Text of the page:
4. In Byron Reese’s talk, I really liked the example he provided of Leonardi da Vinci who ascribed his own success to the ability of “you have to know how to see”. This attitude echoes the scenario planning readings/videos in that one needs to recognize important trends in the past and present that might drive potential futures (e.g., the Mont Fleur scenarios in South Africa and “Global Trends 2030: Alternative Worlds”).


    • Also in response to the views of Byron Reese, Wycoff’s (no date provided) review notes that many people would disagree with Reese’s view that technology will solve a bunch of problems. While technology clearly can solve numerous information access problems (for instance, Reese’s example of getting information in 8 seconds instead of 8 weeks), the work of Hargittai and colleagues also demonstrates it’s not enough that people have the Internet – people developing “Internet skills” is also a huge component (e.g., Hargittai et al., 2014: ; boyd’s (2014) book “it’s complicated”).


  5. First off, as a society if in an ideal world we were to all work together, we need to consider, what kind of world do we want to live in? This question is indefinitely a struggle since we all strive to live a happy and meaningful life that allows for our successes to grow. However, it is important to understand the two standpoints that may or may not improve our lives even more so for not only us as individuals, but for our whole society as a connective tissue. One side of the coin points to society as an endless flower of new opportunities expanding our cultures and collecting new technology bringing us to better solutions. The other side of the coin points out that our society will diminish due to the large human populations and will cause resource scarcity.

    There have always been past examples of this ongoing conflict whether it is between Jimmy Carter (conservatism) and Ronald Reagan (Economic Growth). Carter promotes the ideas of caution regulating the Earth to allow for our offsprings to thrive on even with our mistakes and poor choices. The society needs to act and begin to balance our energy. “We must control our future rather than let our future control us.” Reagan, on the other hand, believes in the idea of prosperity that our society is constantly building and succeeding. “Limits should not address our planning.”

    The same conflict is discussed between Phil Elrich and Julian Simon over a bet on the fate of humanity. Elrich bets the price of metal will increase in the next 10 years while Simon argues that our society will produce better technologies and will then be a more successful world. With the increase of people, more organizations and more communities will then improve and increase the number of solutions. Elrich, on the other hand, argues that there will be higher prices for the cost of metal because of the lack of resources. The huge consumption will then cause societies to lack in resources depleting the society of what resources it has left.

    My inklings aligned with Elrich’s hypothesis suggesting that the world is on the brink of death or it’s resources were depleting due to all the consumption in the world. I felt that my ideals lean towards sustainability and hope for our prosperity through cautious and mindful decisions. Hearing that the bet was lost, I didn’t understand how Simon would win the bet, but luckily listening to Paul Sabin’s conclusion I found that it sure is important to look at the world and think about what kind of world we want to live in.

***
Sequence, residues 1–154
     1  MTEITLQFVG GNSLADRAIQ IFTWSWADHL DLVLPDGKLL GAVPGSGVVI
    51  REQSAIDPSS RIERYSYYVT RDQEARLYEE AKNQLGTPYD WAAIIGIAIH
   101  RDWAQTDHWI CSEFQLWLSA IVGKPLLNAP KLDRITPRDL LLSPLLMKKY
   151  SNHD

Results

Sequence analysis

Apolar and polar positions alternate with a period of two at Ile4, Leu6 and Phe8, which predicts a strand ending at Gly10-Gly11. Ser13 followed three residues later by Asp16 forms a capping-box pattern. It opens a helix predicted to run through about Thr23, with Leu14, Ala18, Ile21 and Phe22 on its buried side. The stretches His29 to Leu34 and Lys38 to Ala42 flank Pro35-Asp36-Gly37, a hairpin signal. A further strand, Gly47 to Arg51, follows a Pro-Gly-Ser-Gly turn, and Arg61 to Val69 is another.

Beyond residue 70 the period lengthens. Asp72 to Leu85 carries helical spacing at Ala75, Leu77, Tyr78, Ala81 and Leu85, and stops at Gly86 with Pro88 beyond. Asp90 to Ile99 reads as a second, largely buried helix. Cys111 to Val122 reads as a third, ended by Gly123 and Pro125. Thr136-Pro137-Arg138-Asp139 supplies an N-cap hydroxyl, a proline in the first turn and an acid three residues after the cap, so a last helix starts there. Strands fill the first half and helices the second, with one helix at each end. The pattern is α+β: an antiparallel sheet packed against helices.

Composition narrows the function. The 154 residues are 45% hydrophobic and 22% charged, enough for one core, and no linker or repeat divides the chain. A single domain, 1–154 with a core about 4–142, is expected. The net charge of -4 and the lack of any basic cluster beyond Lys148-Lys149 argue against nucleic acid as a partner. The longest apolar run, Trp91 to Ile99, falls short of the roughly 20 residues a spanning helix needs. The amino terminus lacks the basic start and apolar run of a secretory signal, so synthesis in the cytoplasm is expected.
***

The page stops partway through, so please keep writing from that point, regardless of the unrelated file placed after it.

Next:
We need to understand what caused these collapses in these communities and grown from their flaws. We should be looking at the first derivative and the second derivative. There are some factors that aren’t understood. How did they not see or perceive what they was causing their downfalls? Jared Diamond mentions that when there is a conflict of interest between a short term for elite and the long term for the society. It is difficult when the thing that is the trouble is also the source of your food. Our biggest problems are entirely of our own making and so we are able to solve what we create.


  6. The Bet was very interesting to learn about. While Simon was eventually proven right i.e. most metrics point to a better average world now then in Simon’s time, sustainable living is an even more heated topic today. With countries such as China and India making major strides to becoming “developed”, the constraints on resources are greater now than ever before. I also enjoyed hearing about the benefits of understanding history. I feel too often at Carnegie Mellon, the liberal arts are undermined and it was nice for history to be in the spotlight for a change.


  7. I think “The Bet” pointed out two key points in concern to the future of our planet and our resources. One side was that we are growing too fast and using too much, leading to great famines and tragedies. The other side believes that our Earth will continue to sustain us and that there shouldn’t be any changes in our behavior. I do not believe that either side is fully right. History shows us that while we have been growing drastically, we have been able to sustain our growing population. However that does not mean that our resources aren’t limited. We have grown very dependent on technology and processed foods and our constantly taking up arable land to expand and build on. And this is while many live without the basic needs that are usually taken for granted. While there may not be drastic results of our actions in our lifetime, I believe that it could hurt future generations. I think that it is essential to start creating solutions that could help reserve resources, provide basic needs to all, and change how we live. I believe that these innovations could lead to new opportunities that could drastically improve global lifestyles and the health of the planet. Many would argue that we are fine now, so why bother? The point is why not take preventative measures now that can completely avoid the problem rather than waiting until its too late.

    I think Diamond brings up some really interesting points about societies. We always are baffled by how societies cause their own downfall/ are harmful the to the environment. I feel that this is an never-ending cycle that we are constantly contributing to. With Diamonds five factors, it is much easier to contribute the causes of change to an area after it has happened and you have all the information. However I feel that it is much more difficult to apply those factors now when not everything is understood fully.